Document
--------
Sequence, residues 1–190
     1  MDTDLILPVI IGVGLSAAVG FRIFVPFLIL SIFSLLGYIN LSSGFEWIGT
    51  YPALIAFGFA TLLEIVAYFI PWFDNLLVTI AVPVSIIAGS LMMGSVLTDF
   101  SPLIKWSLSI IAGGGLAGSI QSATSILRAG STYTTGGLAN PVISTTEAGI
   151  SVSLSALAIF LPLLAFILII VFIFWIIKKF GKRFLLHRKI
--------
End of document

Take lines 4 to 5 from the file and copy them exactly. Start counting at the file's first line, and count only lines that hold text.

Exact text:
   101  SPLIKWSLSI IAGGGLAGSI QSATSILRAG STYTTGGLAN PVISTTEAGI
   151  SVSLSALAIF LPLLAFILII VFIFWIIKKF GKRFLLHRKI